> According to this week's cover story in Newsweek there are over 1
  > million songs in the database.  Napster is causing a major ethics debate
  > in the secular world.  (They are being sued by a recording industry
  > association group and 2 artists).  Also, as more books go digital this
  > type of "problem" will expand to books as well.

This actually brings up a larger issue which I had been meaning to ask
on mail-jewish, but apparently you've beaten me to it:

How does halakhic Judaism view the issue of intellectual property?

Our secular legal system has crafted specific categories of intellectual
property. Patents, copyright, and trademark each have a specific set of
laws that define when use of such material is equivalent to theft and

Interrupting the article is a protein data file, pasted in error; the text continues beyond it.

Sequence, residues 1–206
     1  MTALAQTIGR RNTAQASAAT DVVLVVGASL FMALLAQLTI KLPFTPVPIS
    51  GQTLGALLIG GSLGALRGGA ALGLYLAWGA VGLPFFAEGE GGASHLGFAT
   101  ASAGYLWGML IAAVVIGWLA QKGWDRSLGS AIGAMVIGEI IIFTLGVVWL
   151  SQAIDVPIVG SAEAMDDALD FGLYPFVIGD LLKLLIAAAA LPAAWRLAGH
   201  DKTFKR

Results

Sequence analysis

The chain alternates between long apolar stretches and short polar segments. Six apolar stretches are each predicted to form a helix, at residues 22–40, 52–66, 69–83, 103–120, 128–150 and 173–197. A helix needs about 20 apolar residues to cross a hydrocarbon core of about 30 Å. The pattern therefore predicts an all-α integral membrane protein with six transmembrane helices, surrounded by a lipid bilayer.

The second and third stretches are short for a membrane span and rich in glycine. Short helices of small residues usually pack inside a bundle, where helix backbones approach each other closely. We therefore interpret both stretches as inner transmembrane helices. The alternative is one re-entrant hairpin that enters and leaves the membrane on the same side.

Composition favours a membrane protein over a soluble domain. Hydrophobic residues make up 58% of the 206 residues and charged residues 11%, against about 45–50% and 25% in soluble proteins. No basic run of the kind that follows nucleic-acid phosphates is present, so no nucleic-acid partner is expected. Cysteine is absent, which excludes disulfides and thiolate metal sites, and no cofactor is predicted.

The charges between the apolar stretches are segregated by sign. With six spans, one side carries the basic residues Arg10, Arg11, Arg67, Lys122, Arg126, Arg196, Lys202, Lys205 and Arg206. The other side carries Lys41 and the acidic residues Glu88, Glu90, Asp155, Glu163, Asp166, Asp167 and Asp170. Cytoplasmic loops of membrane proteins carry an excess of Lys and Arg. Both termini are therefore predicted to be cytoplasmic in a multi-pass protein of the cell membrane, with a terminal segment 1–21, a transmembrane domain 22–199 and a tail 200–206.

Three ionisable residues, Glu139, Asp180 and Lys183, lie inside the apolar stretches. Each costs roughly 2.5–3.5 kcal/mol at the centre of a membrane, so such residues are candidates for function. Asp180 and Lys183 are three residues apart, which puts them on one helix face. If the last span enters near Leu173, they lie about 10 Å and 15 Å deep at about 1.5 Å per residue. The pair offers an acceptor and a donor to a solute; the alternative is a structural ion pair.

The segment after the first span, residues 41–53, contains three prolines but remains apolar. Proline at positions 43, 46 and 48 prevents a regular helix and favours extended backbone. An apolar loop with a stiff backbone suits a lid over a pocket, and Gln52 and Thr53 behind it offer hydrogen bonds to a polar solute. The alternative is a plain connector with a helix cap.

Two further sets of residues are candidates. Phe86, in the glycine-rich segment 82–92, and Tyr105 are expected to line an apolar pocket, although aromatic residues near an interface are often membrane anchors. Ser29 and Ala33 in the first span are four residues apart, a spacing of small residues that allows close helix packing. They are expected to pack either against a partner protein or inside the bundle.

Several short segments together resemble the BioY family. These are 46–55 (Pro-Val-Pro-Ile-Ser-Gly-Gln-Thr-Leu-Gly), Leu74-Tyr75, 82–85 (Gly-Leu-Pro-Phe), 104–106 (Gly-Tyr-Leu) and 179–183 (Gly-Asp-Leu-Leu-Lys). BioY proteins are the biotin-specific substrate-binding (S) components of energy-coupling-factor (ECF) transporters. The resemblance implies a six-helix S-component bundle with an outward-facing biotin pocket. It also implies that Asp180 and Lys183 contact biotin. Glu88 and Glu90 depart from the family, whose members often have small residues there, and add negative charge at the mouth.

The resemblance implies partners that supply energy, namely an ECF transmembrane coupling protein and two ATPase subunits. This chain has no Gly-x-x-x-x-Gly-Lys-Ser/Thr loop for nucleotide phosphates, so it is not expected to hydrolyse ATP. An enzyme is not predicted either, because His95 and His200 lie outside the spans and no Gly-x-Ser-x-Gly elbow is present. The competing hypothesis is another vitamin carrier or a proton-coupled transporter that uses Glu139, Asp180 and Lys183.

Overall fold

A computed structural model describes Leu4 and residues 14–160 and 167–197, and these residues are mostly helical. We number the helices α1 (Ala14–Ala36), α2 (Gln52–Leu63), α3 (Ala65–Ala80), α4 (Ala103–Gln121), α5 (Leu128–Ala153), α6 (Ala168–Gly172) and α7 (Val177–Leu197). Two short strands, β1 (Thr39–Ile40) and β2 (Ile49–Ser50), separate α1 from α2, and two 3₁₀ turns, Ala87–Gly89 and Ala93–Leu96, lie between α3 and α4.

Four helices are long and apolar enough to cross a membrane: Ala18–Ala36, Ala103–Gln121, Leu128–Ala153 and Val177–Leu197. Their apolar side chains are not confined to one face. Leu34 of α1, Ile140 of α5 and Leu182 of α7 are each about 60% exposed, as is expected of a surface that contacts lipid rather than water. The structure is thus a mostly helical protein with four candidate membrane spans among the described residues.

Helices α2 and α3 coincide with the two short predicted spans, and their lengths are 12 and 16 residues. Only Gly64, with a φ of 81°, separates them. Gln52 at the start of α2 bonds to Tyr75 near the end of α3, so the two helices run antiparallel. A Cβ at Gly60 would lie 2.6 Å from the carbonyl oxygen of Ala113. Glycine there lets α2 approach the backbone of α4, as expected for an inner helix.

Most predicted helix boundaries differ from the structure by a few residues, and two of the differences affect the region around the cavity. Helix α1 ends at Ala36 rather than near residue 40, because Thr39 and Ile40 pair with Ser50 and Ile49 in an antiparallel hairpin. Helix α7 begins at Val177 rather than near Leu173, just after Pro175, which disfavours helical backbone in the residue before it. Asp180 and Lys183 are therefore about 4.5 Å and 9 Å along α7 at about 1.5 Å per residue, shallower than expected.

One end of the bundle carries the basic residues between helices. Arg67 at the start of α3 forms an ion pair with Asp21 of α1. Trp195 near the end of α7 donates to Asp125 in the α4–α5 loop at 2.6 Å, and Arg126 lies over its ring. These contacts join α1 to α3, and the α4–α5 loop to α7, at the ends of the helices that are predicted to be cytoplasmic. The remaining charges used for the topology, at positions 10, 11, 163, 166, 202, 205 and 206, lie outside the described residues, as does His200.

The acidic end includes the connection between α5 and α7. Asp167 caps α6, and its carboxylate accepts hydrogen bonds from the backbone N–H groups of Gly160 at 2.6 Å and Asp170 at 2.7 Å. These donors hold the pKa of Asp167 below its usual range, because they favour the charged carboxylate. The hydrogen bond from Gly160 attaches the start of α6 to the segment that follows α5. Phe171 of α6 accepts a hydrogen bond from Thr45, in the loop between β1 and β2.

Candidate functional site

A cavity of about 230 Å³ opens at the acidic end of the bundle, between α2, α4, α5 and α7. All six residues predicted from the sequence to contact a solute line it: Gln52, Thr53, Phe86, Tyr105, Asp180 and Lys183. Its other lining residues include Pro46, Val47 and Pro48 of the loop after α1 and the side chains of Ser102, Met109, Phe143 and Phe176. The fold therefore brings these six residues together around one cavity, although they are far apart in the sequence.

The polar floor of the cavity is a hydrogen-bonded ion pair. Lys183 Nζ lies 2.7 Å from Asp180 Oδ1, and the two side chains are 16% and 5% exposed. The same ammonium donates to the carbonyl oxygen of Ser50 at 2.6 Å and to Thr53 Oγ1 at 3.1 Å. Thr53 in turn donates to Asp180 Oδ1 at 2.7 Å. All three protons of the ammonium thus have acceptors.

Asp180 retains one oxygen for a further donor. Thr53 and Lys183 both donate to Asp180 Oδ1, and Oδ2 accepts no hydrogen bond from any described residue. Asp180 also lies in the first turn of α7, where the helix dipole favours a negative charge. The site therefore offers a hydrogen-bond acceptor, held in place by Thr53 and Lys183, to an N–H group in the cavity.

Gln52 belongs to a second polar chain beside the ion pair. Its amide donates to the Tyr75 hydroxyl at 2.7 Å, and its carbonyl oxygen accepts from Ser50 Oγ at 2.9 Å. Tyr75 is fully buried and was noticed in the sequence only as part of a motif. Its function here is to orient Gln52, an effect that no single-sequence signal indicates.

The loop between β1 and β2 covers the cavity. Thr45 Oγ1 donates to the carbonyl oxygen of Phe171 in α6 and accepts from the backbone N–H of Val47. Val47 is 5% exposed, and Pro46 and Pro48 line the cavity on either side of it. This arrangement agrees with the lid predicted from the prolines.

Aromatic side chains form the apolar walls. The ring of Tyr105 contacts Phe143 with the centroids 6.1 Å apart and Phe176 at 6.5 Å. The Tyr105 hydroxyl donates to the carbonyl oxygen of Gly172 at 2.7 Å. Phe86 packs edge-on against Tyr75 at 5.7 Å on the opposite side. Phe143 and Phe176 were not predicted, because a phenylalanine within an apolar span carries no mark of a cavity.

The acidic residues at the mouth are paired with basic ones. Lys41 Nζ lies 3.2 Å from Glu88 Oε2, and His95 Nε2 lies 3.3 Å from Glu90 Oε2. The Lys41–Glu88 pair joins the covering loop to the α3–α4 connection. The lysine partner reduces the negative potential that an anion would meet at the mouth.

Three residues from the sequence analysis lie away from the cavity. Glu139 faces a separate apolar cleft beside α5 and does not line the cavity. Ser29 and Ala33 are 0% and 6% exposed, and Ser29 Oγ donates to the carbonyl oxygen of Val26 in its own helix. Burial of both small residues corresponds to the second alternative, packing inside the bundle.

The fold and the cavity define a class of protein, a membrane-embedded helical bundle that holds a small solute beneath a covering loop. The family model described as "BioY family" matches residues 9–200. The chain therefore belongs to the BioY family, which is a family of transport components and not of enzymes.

when it is permitted under "fair use" guidelines. Thus, one may not sell
entire copies of the latest set of Gmarahs by artscroll without paying a
royalty fee, but one could excerpt some short passages in order to print
a review in a magazine or in an essay that explains the appropriate

On the one hand, we are most likely required to follow these rules given
dinah d'malkhutah dinah (the law of the land is the law). Unfortunately,
I've never seen a discussion about how halakha believes that these laws
*should* apply. Under halakha, what is it possible to own and what
limitations should exist for that ownership? Recently the US legislature
extended copyright ownership from 75 to 95 years. Is there any halakhic
basis in the idea that ownership can "expire" after a specific period of